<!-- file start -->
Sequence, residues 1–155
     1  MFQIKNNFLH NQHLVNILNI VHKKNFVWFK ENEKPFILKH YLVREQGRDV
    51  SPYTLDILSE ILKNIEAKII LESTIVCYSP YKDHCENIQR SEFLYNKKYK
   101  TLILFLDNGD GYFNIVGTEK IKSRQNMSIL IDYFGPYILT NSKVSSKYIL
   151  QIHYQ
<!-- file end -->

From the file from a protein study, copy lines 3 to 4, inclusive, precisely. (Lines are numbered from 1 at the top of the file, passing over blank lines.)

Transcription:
    51  SPYTLDILSE ILKNIEAKII LESTIVCYSP YKDHCENIQR SEFLYNKKYK
   101  TLILFLDNGD GYFNIVGTEK IKSRQNMSIL IDYFGPYILT NSKVSSKYIL